A session on the final day of the conference, this one was close to my heart. I am an artist myself, having sung in choirs for around fifteen years, and performed on stage in over fifty productions. I love to recite poetry and prose, and derive some of my greatest pleasure from theatre, film, and music. I studied ballet as a child, and have recently taken up dancing classes again. I studied Drama and Education as an undergraduate while teaching Shakespeare in prisons around Britain, then taught English Literature and Drama as a High School teacher, before receiving my Master’s degree in Arts in Education here at Harvard. And now, I’m studying my doctorate, preparing to write a dissertation on how the arts promote human development. In short, the arts have been central to my personal and professional life for many, many years.
Perhaps because of this personal involvement, I feel that the role of the arts in modern Humanism has been deeply undervalued – indeed I explored this in my first article for The New Humanism. Generally, in nonreligious circles, science is given more weight and attention than the arts and this, I think, has somewhat unbalanced Humanism. Therefore, I was excited to see this presentation advertised in the program, and made sure to attend.
In general, I felt Gatuskin made a well-argued presentation that covered many of the central points: too often the arts are marginalized in Humanist discoursed due to the focus on science, and particularly due to the mistaken idea that, while the sciences are rational and of cognitive value, the arts are emotive and cannot help us develop our understanding. Further, NAME pointed out that the arts are often associated with religion (much great art takes religious subjects or was inspired by religious texts, after all), and that this has further undermined their place in the Humanist movement.
As far as this goes, this is a valuable analysis, one I agree with wholeheartedly. What I thought to be missing was a consideration of what strategies we might use to better integrate the arts into the Humanist movement: the problem was powerfully articulated, but the solution was almost completely absent.
It seems to me that any attempt to integrate the arts robustly into the Humanist movement must address at least the following three challenges: first, the parlous state of the arts in US public schools; second, the development of Humanist artistic rituals to accompany significant moments in life; and third, the recovery and reinvigoration of a truly Humanist artistic tradition. None of these challenges will be easy to solve: in these times of economic hardship, the arts are facing ruthless cuts in classrooms and communities; some Humanists are extraordinarily ritual-averse, even to the extent of a seeming allergy to communal singing of any kind; and the idea of creating “Humanist art” is controversial even within the nonreligious community.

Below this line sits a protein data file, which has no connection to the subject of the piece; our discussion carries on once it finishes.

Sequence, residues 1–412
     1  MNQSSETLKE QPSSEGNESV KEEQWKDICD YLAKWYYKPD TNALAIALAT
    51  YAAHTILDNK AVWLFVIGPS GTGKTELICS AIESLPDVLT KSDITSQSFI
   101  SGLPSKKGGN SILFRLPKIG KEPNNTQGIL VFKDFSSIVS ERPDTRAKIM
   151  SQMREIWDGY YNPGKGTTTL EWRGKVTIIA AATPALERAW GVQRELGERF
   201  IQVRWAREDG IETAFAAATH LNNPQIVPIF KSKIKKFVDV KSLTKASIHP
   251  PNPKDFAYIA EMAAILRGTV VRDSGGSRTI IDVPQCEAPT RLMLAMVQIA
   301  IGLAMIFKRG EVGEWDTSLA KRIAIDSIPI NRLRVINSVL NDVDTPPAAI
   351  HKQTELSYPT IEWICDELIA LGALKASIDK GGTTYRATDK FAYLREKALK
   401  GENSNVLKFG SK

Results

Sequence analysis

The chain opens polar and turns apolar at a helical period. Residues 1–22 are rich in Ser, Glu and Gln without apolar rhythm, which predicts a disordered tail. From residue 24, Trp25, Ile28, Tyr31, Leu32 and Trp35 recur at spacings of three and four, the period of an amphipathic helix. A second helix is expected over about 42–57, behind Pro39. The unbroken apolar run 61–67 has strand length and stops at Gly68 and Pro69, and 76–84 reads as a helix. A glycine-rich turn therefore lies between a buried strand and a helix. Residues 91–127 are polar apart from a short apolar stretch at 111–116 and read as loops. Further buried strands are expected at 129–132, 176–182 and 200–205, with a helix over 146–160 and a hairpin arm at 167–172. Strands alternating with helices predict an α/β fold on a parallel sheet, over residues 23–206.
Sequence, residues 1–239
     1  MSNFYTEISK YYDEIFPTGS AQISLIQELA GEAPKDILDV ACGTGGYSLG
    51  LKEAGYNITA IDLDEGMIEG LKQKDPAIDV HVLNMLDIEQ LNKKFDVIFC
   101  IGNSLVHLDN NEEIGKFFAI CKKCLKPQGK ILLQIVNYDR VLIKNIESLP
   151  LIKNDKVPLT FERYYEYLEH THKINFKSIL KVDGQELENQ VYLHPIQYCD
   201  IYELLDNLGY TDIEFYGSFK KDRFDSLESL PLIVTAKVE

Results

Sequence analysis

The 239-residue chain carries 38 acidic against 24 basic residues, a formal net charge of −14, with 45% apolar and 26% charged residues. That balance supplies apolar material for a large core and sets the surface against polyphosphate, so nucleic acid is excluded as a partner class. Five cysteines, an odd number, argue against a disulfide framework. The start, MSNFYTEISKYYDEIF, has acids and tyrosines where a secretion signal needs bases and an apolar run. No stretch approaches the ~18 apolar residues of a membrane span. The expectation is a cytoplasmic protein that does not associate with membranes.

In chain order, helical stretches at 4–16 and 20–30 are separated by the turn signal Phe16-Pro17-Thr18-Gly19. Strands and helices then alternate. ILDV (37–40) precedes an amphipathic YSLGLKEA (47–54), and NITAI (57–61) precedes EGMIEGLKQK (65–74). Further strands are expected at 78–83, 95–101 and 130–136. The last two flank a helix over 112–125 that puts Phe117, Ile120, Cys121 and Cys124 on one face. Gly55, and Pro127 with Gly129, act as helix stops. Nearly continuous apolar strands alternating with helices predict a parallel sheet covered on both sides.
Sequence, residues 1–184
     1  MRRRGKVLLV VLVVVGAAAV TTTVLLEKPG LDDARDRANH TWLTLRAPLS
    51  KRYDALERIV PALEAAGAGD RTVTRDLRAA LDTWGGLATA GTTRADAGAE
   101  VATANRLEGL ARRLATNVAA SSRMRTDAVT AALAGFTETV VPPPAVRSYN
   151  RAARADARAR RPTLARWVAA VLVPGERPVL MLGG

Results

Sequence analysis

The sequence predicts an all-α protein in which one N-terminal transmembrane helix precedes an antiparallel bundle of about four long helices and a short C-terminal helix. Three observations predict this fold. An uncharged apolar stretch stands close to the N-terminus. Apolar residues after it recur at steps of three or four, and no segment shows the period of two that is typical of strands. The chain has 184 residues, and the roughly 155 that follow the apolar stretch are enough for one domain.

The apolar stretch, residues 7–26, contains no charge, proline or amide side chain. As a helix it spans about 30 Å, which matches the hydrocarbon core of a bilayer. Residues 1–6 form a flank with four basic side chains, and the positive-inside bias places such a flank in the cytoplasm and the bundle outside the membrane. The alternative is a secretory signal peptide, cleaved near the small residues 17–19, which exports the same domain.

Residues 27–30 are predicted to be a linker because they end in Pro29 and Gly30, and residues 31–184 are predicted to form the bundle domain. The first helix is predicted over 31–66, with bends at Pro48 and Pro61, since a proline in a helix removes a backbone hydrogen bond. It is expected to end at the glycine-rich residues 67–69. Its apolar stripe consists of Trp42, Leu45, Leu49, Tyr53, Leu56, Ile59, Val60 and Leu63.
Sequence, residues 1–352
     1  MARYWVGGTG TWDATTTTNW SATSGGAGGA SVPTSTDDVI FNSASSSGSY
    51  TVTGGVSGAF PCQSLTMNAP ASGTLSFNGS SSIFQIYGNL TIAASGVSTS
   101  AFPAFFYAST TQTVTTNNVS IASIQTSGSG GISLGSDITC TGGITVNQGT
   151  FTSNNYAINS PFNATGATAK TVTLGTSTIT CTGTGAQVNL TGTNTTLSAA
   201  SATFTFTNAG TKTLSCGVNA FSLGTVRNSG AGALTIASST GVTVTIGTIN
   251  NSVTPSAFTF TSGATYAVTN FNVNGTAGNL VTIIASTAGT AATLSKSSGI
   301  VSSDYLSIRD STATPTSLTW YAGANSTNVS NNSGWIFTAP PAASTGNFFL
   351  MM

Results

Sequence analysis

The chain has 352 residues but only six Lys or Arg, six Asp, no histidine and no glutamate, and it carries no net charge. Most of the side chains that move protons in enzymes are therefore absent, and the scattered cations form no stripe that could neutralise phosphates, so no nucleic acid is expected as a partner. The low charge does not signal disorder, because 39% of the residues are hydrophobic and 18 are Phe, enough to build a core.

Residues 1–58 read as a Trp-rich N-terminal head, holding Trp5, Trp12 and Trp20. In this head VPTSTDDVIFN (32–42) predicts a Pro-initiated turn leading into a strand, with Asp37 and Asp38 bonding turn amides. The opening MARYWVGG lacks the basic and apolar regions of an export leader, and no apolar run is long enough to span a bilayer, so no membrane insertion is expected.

Nonetheless, here are some ideas. Securing the place of the arts in schools will depend on our ability to take control of the discussion around educational ends, and argue in favor of an expanded concept of the purpose of education which is not only broader than meeting scores in standardized tests, but is broader than preparing students to be successful in a 21st Century economy. If we can convince parents (who, of course, are also voters) that their children will be best-served by a full education which introduces them to the great modes of thinking developed by human beings over millennia of civilization, then the role of the arts will seem obvious. If we keep playing catch-up, trying to argue that the arts can fulfill the goals of education established by others, then the arts will struggle to hang on to even the precarious position they now cling to.
In order to increase the level of comfort in the Humanist community with artistic ritual, I think it’s best to start by simply developing some, and encouraging people to attend. My experience is that even those who think that they hate the arts can be won over if they actually participate. While working in UK prisons, I met many inmates who thought that theatre wasn’t for them. But after engaging, with others, in that artistic experience, they found value in it, and many, now, wouldn’t give up theatre for the world. I’m not suggesting that every Humanist will immediately become a choirboy after one singalong, but I do feel that simply encouraging people to get involved in communal art making will demonstrate its value to some.
Finally the question of “Humanist Art”. I have two suggestions here. First, let’s reclaim the artistic heritage of humankind for Humanism. Even though much, perhaps most, of the greatest art created across the millennia does take a religious subject or was created as part of a religious tradition, it was all created by human beings. And, from a Humanist perspective, it is a representation of the extraordinary creativity of the human species. Since we reject any concept of true religious “inspiration”, we can happily claim the great religious art as a manifestation of human ability. Second, I do not see any problem with creating artworks which explicitly or implicitly promote Humanist values. Pullman’s His Dark Materials is a perfect example of such a work – not only is it a compelling story, filled with literary references and appealing to children and adults alike, but it also contains a powerful Humanist message. We should not be ashamed of works like this – the arts have always been used as methods to convey a message and to promote a cause, and by refusing to develop Humanist art which does the same for us, we abdicate the field and leave it to the religious, who will certainly make use of art to promote their message.
If we were to take these three steps, I think the Humanist movement would be much more vibrant, inclusive, exciting and beautiful.